Clinton, Sanders both say they're wary of fracking

New York and Vermont both have regulations on the books against hydraulic fracturing.
By Daniel J. Graeber  |  March 7, 2016 at 6:59 AM
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FLINT, Mich., March 7 (UPI) -- Both candidates for the Democratic U.S. presidential nomination said they do not support the drilling practice behind the shale oil and gas boom.

Former U.S. Secretary of State Hillary Clinton and Vermont Sen. Bernie Sanders held a debate in Flint, Mich., Sunday night, moderated by CNN. Flint has been plagued by contaminated drinking water since state-appointed emergency managers in 2014 switched the supply to the Flint River, which caused lead to leach out of pipeline infrastructure because of its corrosive nature.

On broader health issues related to the environment, both candidates said their platforms offered the best opportunity to combat climate change. On issues related to the energy sector, Clinton offered conditions ranging from public support to the disclosure of chemicals used in hydraulic fracturing fluid before she'd support the drilling practice as a U.S. president.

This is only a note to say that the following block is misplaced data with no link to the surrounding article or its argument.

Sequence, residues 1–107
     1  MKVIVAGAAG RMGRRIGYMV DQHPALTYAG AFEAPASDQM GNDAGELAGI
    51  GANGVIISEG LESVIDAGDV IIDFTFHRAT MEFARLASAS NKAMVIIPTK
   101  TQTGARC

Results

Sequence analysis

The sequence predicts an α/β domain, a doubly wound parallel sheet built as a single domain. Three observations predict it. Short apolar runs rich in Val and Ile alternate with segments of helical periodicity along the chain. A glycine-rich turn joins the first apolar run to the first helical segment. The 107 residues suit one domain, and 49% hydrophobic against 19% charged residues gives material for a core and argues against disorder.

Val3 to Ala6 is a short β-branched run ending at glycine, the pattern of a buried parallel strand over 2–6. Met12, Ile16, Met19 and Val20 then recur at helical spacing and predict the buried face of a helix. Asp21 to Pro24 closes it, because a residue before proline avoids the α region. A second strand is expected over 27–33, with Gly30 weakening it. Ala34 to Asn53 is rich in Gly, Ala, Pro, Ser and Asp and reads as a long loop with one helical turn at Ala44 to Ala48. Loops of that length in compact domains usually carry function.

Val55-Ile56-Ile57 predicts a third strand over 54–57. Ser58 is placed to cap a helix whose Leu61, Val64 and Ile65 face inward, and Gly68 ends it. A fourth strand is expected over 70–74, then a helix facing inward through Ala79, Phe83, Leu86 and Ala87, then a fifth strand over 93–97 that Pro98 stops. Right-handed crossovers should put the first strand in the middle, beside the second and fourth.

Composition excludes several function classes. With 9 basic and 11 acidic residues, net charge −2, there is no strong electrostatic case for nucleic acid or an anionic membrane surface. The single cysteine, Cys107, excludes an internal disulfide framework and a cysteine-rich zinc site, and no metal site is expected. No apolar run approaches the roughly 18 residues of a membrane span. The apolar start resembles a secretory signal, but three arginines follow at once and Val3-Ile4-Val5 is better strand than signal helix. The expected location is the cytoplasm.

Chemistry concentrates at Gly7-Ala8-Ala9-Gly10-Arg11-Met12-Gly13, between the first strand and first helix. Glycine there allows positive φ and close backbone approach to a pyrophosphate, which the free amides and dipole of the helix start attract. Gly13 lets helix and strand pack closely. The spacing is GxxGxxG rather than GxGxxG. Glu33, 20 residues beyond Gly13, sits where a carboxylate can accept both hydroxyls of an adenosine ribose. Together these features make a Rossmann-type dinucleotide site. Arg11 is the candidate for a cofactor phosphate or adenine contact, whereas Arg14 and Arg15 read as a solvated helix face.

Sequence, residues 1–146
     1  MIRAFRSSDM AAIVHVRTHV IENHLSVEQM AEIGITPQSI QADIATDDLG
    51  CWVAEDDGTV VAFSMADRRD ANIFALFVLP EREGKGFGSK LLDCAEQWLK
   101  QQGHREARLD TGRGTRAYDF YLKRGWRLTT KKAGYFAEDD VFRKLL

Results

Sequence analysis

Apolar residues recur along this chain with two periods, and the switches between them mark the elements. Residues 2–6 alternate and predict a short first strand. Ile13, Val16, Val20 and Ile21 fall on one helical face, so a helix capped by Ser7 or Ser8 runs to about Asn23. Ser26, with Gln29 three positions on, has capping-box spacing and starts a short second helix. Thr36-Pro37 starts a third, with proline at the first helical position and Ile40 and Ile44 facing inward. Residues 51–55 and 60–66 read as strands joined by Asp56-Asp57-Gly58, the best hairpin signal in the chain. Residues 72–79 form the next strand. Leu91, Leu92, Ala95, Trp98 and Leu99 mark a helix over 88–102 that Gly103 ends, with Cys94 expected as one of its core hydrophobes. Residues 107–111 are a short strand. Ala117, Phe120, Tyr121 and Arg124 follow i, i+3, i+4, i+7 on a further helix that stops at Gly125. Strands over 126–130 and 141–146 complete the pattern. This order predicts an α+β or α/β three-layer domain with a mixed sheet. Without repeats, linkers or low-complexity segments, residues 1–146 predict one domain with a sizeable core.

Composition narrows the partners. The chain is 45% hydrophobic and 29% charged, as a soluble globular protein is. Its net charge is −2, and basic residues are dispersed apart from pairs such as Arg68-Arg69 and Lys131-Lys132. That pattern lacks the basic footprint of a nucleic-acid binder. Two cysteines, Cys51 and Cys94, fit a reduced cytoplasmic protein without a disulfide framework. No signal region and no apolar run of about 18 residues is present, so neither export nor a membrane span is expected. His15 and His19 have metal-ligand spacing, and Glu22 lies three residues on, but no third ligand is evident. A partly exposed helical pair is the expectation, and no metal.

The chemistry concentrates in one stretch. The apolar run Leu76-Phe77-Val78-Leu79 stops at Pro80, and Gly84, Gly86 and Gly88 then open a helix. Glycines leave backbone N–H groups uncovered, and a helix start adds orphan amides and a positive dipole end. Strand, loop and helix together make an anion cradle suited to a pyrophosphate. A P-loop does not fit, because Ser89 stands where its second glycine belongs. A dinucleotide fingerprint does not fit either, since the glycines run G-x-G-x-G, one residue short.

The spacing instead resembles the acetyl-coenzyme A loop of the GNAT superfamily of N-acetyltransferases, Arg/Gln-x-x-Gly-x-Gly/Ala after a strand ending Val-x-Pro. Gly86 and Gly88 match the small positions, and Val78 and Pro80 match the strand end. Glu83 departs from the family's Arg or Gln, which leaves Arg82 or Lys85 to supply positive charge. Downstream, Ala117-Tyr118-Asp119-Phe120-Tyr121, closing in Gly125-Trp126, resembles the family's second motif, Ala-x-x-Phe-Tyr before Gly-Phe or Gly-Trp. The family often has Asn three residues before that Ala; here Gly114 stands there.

"By the time we get through all of my conditions, I do not think there will be many places in America where fracking will continue to take place," she said. "I think that's the best approach, because right now, there are places where fracking is going on where it's not sufficiently regulated."

Clinton, who served as a senator in New York, which moved in opposition to the drilling practice known more commonly as fracking, said tightening regulations on the oil and gas sector would top her energy sector concerns as president.

"My answer is a lot shorter," the Vermont senator said. "I do not support fracking."

Vermont was the first state to ban fracking.

The drilling practice has been criticized for its possible link to minor earthquakes and the potential to contaminate groundwater supplies.

Both New York and Vermont have potential shale reserves, with New York hosting a portion of the Marcellus gas basin. Vermont has shale reserves near Lake Champlain, though a state report last year found tourism business interests trump any potential gains from energy.

According to campaign finance watchdog, Clinton took in about $260,000 out of a total of $130 million in support from the oil and gas industry as of Feb. 22. Sanders took in $35,000 against a $96.3 million total for the campaign.

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